A Learning Management System—or LMS—is a software traditionally designed to facilitate the access and storage of information to support face-to-face learning. Typically, these LMSs use tools such as interactive web pages, forums, videos and web conferencing—web 2.0 technologies that emerged over 15 years ago. Despite the ever-growing popularity and sophistication of blended and online learning, not much has changed in the way these LMSs are set up. Their static composition and limited functionality is a cause for dissatisfaction in educators and learners alike.
insendi was built in recognition that educational institutions were looking for something much more than a space to organise their teaching materials. Indeed, insendi understood that these education institutions needed to be able to create a dynamic virtual learning space with the capability to foster an enhanced learning experience for those studying blended and online programmes. By asking ourselves what was missing from these platforms and for the student and teacher experiences, we identified two key areas for improvement: establishing a clear learning journey for students and creating stronger human interactions.
To address the first of these key issues, the insendi platform is designed so that there is a presence of a well-defined learning sequence from the outset. Students are able to see what their learning looks like across layers that include programme level, course level, week level, topic level, and activities within each sub-topic. At a topic level, the insendi platform gives educators the ability to effectively structure a clear learning sequence by setting learning objectives. Then, at the end of each unit, the objectives are presented again to students and they are invited to self-reflect on their learning and how well they have achieved the set objectives. Students are also encouraged to provide feedback on the content. This is an extremely useful tool for educators as it allows them to obtain feedback on student experiences and make changes to future iterations of the course.
Once a distinct learning sequence has been established, the learning journey is further enhanced and strengthened on the insendi platform through the use of narrative text. The activities and overarching course structure are designed in a way that allows narrative text to be embedded in between each task. This creates a structured learning sequence for students and makes it easy for students to navigate through the platform and understand what is expected of them.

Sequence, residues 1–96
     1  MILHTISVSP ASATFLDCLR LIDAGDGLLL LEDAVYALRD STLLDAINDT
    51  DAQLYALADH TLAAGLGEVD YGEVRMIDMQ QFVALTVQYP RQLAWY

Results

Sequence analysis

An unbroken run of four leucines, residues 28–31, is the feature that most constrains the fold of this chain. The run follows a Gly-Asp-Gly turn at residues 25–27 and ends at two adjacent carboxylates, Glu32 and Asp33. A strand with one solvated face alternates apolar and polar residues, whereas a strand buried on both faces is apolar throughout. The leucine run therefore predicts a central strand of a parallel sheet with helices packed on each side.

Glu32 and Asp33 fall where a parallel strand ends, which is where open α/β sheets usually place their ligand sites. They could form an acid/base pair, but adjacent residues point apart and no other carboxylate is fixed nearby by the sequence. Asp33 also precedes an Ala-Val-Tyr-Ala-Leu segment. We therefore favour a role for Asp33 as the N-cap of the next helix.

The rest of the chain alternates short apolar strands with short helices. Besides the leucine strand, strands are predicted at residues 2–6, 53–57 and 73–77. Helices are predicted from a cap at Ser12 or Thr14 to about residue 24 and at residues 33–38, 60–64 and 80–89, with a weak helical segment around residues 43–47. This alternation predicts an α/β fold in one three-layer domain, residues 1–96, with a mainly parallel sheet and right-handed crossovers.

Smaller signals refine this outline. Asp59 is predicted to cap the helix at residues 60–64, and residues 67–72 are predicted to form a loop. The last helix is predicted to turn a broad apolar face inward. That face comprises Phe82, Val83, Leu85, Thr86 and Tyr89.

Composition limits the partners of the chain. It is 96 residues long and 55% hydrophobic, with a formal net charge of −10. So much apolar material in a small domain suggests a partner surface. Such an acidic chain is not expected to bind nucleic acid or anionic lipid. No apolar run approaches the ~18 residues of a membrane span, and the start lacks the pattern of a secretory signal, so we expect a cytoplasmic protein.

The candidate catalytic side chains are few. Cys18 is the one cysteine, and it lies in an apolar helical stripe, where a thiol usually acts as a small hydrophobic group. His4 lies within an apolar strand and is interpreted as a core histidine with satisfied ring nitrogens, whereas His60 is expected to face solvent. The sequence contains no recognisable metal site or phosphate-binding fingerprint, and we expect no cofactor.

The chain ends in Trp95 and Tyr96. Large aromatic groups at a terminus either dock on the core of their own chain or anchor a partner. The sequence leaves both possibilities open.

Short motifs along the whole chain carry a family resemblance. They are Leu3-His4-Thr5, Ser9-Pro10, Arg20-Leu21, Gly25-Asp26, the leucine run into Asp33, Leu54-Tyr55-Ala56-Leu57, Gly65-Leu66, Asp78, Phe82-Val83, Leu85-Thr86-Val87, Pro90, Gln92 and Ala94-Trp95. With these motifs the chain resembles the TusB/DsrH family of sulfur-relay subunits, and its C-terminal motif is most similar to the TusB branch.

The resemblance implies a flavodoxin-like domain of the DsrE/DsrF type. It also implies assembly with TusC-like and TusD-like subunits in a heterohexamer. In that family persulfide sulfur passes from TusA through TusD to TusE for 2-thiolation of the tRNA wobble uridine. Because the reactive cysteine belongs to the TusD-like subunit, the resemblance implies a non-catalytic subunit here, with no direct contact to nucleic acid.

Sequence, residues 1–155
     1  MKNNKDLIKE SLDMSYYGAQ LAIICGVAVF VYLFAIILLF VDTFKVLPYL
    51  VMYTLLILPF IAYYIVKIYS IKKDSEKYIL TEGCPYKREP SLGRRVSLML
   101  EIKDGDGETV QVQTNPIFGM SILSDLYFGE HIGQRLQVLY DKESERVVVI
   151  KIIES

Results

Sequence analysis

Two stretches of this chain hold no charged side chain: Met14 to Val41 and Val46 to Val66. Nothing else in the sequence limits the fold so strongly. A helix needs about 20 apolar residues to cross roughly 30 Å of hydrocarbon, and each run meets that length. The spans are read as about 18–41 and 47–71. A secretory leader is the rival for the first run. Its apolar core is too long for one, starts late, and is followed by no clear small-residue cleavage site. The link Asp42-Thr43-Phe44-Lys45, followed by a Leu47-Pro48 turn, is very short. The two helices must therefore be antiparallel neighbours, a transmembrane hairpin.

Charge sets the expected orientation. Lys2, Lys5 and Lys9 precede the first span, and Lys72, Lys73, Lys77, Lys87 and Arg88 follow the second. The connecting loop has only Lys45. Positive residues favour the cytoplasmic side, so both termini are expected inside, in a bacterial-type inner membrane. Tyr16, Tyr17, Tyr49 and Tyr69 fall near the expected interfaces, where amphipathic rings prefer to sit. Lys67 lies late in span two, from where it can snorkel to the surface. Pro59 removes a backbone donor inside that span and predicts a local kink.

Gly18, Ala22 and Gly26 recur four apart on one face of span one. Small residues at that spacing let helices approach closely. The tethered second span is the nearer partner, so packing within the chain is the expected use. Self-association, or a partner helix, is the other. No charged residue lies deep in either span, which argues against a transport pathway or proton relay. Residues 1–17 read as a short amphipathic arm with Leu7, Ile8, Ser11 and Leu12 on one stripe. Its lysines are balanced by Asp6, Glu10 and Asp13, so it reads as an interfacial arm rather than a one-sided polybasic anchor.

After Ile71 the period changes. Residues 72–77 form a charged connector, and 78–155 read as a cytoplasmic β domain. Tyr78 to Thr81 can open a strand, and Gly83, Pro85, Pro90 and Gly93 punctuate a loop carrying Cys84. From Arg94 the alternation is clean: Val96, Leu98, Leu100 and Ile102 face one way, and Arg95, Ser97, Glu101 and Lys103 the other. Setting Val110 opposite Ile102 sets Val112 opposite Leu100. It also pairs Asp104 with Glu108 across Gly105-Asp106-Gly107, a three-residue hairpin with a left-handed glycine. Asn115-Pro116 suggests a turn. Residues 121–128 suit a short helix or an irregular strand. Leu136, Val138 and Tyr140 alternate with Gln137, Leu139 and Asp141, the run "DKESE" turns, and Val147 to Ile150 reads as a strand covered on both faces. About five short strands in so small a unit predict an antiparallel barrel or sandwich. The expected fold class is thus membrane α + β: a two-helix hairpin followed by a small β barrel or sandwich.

The use of narrative text also allows us to address the second key issue the insendi platform addresses: the need for stronger human interactions in the digital space. Through the narrative text, educators can mimic the ‘teacher voice’ in the classroom, and inject their personality into the course. It also enables educators to humanise online course content by posing reflective questions and creating links between activities and real-world context.
In addition to the teacher voice of the narrative text, teacher presence is augmented and interwoven through the use of videos. For example, the first screen of a session will typically contain a welcome presentation from the lead faculty, setting out the themes of the week and perhaps sharing a personal anecdote on the topic. This is a great opportunity for students to see the faculty’s enthusiasm for the subject and remember that they are learning from an expert who is on hand to answer their questions.
During the delivery stage, the insendi platform equips faculty with tools to actively engage with their students and cultivate deeper human connections. For instance, the teaching team can see all students’ submissions to activities within a course and respond to them directly with private, personalised feedback. By using the ‘endorse’ button, faculty can submit a star next to a student’s submission, flagging it as a model answer to the rest of the class. Faculty can also regularly message the cohort as a whole, using the newsfeed feature to address general queries, share additional resources, celebrate great work, and keep students updated on how they should be progressing through the course.
To further foster a sense of active community, insendi activities can be set with ‘shared submissions’, with students actively encouraged to review one another’s work. Activities such as the whiteboard also enable students to vote for their favourite responses; those submissions with the most votes move to the top of the board. This activity simulates mind mapping in a classroom, with peers collectively idea-generating and evaluating responses. Another key community-building tool on the insendi platform is the ability to set activities as group tasks. See our colleagues’ recent article on Group Work and the Power of Social Learning for further discussion of this important topic.
At all stages of a programme, the insendi platform is designed to cultivate real human connections. Students are made to feel part of a community with both their teachers and peers. These interactions help inform and guide a student’s learning journey.